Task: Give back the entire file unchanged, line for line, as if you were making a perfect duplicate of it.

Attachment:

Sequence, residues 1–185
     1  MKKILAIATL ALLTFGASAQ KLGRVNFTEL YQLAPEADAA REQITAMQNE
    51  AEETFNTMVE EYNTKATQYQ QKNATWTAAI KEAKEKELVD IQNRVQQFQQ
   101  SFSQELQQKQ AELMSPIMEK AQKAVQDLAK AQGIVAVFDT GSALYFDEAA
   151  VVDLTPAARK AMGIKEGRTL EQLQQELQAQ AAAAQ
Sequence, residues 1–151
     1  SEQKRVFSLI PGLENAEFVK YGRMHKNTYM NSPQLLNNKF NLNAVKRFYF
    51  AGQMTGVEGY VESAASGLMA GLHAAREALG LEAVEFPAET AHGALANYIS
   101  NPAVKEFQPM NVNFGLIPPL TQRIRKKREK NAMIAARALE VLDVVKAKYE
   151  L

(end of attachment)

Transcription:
Sequence, residues 1–185
     1  MKKILAIATL ALLTFGASAQ KLGRVNFTEL YQLAPEADAA REQITAMQNE
    51  AEETFNTMVE EYNTKATQYQ QKNATWTAAI KEAKEKELVD IQNRVQQFQQ
   101  SFSQELQQKQ AELMSPIMEK AQKAVQDLAK AQGIVAVFDT GSALYFDEAA
   151  VVDLTPAARK AMGIKEGRTL EQLQQELQAQ AAAAQ
Sequence, residues 1–151
     1  SEQKRVFSLI PGLENAEFVK YGRMHKNTYM NSPQLLNNKF NLNAVKRFYF
    51  AGQMTGVEGY VESAASGLMA GLHAAREALG LEAVEFPAET AHGALANYIS
   101  NPAVKEFQPM NVNFGLIPPL TQRIRKKREK NAMIAARALE VLDVVKAKYE
   151  L